A boy goes through many important changes during puberty. His body beefs up, his voice cracks as it changes, he becomes stronger, and he begins to mature sexually. Before you know it, your little boy has become a young man. There are five stages of puberty that boys go through, but keep in mind that the age at which each boy goes through them can vary widely.
Signs of Puberty in Boys
Boys mature a little slower than girls. For boys, puberty begins at age 11 on average, although starting as early as age 9 or as late as age 14 is still considered normal. A number of these physical changes are very personal. As a parent, you may not notice them, but your son will. Some of these may be embarrassing experiences for him and he will likely keep much of this private.
First signs of puberty in boys
- the first sign of puberty in boys is usually that their testicles get bigger and the scrotum begins to thin and redden
- pubic hair also starts to appear at the base of the penis
Later signs of puberty in boys
After a year or so of puberty starting, and for the next couple of years:
- the penis and testicles grow and the scrotum gradually becomes darker (read more about penis health)
- pubic hair becomes thicker and curlier
- underarm hair starts to grow
- boys start to sweat more
- breasts can swell slightly temporarily – this is normal and not the same as “man-boobs”
- boys may have “wet dreams” (involuntary ejaculations of semen as they sleep)
- their voice “breaks” and gets permanently deeper – for a while, a boy might find his voice goes very deep one minute and very high the next
- boys often develop acne – a skin condition that shows up as different types of spots, including whiteheads, blackheads, and pus-filled spots called pustules
- boys go through a growth spurt and become taller by an average of 7 to 8 cm, or around 3 inches a year, and more muscular
After about 4 years of puberty in boys
- genitals look like an adult’s and pubic hair has spread to the inner thighs
- facial hair begins to grow and boys may start shaving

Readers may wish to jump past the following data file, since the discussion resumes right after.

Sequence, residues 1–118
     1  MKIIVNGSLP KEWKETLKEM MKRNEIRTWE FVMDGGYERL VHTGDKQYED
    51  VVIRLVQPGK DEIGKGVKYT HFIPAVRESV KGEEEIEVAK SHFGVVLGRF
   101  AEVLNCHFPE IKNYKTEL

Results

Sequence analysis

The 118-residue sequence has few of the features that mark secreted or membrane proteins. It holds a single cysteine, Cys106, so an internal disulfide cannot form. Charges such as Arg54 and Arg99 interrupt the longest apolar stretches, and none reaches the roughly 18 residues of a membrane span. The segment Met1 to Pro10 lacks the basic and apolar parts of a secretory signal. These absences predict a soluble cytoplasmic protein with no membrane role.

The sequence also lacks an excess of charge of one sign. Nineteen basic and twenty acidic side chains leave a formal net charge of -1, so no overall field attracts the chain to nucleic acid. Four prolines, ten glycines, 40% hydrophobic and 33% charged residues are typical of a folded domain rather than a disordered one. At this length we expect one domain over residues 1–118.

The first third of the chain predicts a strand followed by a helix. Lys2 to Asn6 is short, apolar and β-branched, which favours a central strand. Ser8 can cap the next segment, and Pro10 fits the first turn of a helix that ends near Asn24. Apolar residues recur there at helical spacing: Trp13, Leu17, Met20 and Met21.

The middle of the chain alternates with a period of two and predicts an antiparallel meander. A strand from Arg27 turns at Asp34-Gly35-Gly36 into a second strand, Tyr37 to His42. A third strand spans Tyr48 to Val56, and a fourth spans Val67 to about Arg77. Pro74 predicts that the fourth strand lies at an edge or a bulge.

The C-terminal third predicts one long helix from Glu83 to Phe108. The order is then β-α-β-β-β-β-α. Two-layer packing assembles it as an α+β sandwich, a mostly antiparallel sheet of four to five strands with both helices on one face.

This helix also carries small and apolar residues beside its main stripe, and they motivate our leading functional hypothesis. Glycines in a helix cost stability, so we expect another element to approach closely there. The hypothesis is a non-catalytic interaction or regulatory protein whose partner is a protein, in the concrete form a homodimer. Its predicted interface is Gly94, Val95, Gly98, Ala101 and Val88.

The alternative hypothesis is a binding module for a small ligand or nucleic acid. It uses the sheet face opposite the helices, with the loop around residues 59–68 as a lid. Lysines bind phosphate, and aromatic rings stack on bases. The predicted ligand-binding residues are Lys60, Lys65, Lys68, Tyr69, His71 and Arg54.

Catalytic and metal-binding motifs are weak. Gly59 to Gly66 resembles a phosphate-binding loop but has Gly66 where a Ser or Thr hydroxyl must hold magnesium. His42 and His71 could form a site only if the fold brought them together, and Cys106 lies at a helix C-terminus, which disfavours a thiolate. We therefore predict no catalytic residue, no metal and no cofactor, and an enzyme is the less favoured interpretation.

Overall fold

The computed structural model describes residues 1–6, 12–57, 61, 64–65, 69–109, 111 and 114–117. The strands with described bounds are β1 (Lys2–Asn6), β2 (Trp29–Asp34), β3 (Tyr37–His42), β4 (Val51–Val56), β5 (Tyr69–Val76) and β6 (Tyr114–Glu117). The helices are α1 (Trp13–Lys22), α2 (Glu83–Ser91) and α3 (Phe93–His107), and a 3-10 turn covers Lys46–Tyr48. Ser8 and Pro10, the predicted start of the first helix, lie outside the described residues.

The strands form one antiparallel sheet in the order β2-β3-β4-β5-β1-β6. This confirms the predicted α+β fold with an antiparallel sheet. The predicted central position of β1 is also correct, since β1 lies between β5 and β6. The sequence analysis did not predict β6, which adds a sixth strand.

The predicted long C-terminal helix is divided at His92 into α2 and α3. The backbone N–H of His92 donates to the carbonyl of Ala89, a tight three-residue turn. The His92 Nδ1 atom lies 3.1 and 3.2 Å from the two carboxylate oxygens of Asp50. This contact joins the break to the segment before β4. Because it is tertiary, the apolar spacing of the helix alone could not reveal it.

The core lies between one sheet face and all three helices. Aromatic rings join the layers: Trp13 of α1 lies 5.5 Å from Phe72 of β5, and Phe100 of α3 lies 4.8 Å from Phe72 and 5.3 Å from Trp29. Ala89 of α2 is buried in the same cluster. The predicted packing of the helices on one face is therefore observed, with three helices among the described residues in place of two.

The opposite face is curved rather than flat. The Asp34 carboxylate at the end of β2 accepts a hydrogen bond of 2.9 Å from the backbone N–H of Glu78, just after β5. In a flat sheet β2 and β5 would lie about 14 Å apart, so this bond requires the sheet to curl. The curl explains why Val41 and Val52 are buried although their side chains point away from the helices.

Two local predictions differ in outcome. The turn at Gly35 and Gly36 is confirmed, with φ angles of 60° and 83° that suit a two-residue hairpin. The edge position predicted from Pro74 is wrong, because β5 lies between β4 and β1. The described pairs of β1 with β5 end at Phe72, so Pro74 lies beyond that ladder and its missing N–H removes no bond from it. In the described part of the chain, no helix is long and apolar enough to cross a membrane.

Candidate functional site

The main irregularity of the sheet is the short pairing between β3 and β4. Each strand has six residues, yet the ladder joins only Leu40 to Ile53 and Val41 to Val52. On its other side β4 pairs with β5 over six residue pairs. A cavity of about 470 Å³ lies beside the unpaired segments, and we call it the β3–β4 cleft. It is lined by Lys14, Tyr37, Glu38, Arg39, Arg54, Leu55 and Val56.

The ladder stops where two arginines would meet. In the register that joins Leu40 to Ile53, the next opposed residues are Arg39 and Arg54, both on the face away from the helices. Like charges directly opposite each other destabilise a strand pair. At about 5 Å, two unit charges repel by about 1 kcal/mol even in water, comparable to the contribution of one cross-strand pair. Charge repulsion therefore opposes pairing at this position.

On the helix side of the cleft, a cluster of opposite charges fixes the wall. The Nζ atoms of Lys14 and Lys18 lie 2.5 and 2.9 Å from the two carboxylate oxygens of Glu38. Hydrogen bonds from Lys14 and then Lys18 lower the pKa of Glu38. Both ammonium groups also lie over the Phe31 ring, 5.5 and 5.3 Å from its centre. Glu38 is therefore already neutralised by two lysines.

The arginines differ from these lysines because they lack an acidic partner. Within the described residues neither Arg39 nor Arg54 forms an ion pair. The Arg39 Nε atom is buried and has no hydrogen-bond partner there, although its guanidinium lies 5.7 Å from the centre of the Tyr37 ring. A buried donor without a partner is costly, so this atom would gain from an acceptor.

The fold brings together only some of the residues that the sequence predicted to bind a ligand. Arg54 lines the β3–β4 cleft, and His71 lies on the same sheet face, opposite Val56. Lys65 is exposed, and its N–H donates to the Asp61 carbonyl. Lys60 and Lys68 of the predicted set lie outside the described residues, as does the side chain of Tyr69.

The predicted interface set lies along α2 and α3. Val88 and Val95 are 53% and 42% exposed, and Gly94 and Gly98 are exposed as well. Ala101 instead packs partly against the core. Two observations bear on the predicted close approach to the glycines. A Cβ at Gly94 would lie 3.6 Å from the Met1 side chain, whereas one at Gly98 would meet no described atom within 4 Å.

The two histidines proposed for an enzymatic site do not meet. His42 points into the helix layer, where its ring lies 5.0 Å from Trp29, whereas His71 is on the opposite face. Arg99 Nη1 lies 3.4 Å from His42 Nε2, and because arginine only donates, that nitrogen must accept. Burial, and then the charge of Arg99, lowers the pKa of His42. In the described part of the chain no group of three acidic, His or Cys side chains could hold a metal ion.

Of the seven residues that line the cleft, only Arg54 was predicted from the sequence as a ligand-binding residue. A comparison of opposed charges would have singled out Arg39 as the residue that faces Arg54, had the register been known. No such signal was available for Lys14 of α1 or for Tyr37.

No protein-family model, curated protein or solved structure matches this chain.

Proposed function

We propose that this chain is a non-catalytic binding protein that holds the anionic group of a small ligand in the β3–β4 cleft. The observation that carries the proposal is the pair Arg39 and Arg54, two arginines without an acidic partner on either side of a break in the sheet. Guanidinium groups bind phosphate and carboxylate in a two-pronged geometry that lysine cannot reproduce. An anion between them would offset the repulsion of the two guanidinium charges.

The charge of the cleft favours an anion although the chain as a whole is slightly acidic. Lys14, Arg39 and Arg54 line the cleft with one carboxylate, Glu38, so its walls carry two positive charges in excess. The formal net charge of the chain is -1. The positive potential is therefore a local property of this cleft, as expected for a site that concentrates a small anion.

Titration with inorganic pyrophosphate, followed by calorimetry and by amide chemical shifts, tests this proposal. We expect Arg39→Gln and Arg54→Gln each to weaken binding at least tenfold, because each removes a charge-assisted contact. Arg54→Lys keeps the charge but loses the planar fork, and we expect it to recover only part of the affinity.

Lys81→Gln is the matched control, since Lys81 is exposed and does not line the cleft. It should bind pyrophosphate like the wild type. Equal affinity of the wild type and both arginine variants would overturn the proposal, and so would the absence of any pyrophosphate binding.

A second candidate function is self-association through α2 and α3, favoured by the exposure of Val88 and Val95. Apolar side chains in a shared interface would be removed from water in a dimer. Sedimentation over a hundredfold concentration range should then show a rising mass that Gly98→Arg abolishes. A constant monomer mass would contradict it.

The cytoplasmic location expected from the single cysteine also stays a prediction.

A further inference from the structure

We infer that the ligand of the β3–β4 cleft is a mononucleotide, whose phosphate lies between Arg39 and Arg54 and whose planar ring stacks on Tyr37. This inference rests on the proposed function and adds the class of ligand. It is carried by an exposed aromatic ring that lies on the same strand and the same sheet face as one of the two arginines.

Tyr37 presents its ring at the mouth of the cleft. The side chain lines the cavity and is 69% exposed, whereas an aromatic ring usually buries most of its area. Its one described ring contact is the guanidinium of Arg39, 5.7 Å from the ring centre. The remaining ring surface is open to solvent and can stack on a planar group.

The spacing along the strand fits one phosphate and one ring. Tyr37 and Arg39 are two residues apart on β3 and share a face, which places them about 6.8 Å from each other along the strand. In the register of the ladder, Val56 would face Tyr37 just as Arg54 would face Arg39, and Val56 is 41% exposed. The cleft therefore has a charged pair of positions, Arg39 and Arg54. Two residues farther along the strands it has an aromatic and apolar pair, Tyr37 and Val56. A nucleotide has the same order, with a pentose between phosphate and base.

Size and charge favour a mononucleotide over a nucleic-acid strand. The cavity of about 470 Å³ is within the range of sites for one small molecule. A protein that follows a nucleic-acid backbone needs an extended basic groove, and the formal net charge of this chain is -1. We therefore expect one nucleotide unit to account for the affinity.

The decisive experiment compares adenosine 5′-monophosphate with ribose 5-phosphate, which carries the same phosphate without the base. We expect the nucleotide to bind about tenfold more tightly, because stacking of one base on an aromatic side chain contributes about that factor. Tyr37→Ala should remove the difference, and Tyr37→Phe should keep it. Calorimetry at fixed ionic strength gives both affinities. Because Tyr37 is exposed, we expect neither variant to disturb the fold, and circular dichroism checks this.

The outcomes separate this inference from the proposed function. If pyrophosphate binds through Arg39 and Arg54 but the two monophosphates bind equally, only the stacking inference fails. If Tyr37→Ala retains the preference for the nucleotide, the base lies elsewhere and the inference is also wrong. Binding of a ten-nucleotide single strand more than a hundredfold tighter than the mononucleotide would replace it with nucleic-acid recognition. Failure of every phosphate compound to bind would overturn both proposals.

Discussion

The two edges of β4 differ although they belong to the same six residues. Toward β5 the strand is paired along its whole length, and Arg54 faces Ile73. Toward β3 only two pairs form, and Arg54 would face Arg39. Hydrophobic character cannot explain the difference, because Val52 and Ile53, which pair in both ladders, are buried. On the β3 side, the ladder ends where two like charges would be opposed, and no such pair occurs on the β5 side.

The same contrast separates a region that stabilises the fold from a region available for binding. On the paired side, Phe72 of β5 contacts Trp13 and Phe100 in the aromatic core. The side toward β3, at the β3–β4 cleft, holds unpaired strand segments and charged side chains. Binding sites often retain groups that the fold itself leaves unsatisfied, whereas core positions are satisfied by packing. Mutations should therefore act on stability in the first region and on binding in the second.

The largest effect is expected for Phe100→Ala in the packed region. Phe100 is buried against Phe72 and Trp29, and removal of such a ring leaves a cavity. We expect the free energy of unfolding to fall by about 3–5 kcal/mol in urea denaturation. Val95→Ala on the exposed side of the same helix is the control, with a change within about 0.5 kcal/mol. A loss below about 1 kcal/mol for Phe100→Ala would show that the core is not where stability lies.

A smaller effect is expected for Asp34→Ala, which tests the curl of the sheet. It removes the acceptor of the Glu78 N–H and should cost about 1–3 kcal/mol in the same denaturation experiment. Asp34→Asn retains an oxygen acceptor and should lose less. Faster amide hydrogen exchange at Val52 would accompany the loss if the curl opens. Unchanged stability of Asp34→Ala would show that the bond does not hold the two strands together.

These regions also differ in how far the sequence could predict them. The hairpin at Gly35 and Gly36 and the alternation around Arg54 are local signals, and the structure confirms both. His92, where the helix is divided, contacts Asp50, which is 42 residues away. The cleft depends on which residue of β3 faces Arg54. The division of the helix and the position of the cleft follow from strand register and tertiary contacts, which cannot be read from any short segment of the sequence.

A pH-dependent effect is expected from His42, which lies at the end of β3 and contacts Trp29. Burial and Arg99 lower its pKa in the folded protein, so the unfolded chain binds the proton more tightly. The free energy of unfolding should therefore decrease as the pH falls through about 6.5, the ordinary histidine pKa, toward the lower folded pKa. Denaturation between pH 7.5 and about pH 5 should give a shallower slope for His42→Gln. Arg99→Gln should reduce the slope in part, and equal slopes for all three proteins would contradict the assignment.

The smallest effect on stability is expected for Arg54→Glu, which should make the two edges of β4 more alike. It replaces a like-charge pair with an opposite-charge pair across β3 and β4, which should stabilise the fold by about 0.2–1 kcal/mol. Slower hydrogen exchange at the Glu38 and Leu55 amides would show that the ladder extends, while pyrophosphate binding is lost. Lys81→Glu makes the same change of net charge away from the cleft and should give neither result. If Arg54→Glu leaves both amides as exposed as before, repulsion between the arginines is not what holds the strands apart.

- boys get taller at a slower rate and stop growing completely at around 16 years of age (but may continue to get more muscular)
- most boys will have reached full adult maturity by the age of 18
Externally, you may notice your son’s body begin to grow, but just before that happens, he may put on a little weight3 and look like he’s all arms and legs. Next comes a growth spurt in height, often around the age of 13.
His shoulders will broaden and his muscles will develop more definition too. He will become noticeably stronger and can take advantage of that by beginning a regular workout routine.
Sweating, Hair, and Acne
Personal hygiene is probably one of the biggest changes for young boys. It may have been hard to get him to wash his hands or take a shower, but now he will need to pay attention to these things as he starts to sweat more and develop body odor.
He may soon come to you and ask about shaving the peach fuzz from his face or ask about antiperspirants. His hormones will produce more oil on his skin and he may be prone to acne breakouts. This is the perfect time to introduce him to good skin care routines.
Penis and Testicle Growth
The first sign of puberty actually begins with the growth of your son’s testicles and scrotum, which will more than double in volume.6 His penis and testicles will begin to grow as he enters puberty too, as will his pubic hair.
The penis begins by growing in length, followed by width.6 You can find more details on this growth in the Tanner stages section below. Around one-third of boys have tiny pearly bumps, called papules, on their penises. These bumps look like pimples and are normal and harmless, though they are permanent.
Nocturnal Emissions and Erections
As your son develops, he may begin to have nocturnal emissions,8 or “wet dreams,” in which he ejaculates at night. This can occur with or without a sexual dream and is completely normal.
Talking to your son about nocturnal emissions before they happen is helpful so he knows what to expect and that he hasn’t accidentally wet the bed. Let him know that it’s just another part of puberty and that it’ll go away in time.
Involuntary erections are another big part of male puberty and they can occur at any time, for absolutely no reason at all. Explain to your son that this may happen for a while, and he will likely have little control over it, but it will get better as he gets older.
Your son’s voice will change around the time that his growth spurt has begun to slow down a bit. This occurs because his vocal cords and voice box (larynx) gain mass too. Before his voice changes completely, it may crack and soar, going from high to low quickly. This can be embarrassing for him, so be mindful of this.
When your son is first in puberty, his breast tissue may swell a bit for a year or two as some of his hormones change into estrogen. For the majority of boys, this is temporary and not excessive, though, in some boys, it can be more obvious, especially if they’re overweight.
If your son’s breast area seems excessively swollen or the swelling happens before puberty or later in puberty, see your healthcare provider. There could be a medical problem that’s causing this swelling rather than hormones.
Like girls, boys can also have mood swings thanks to the hormonal, physical, and emotional changes they’re experiencing. Be patient and understanding; this, too, shall pass.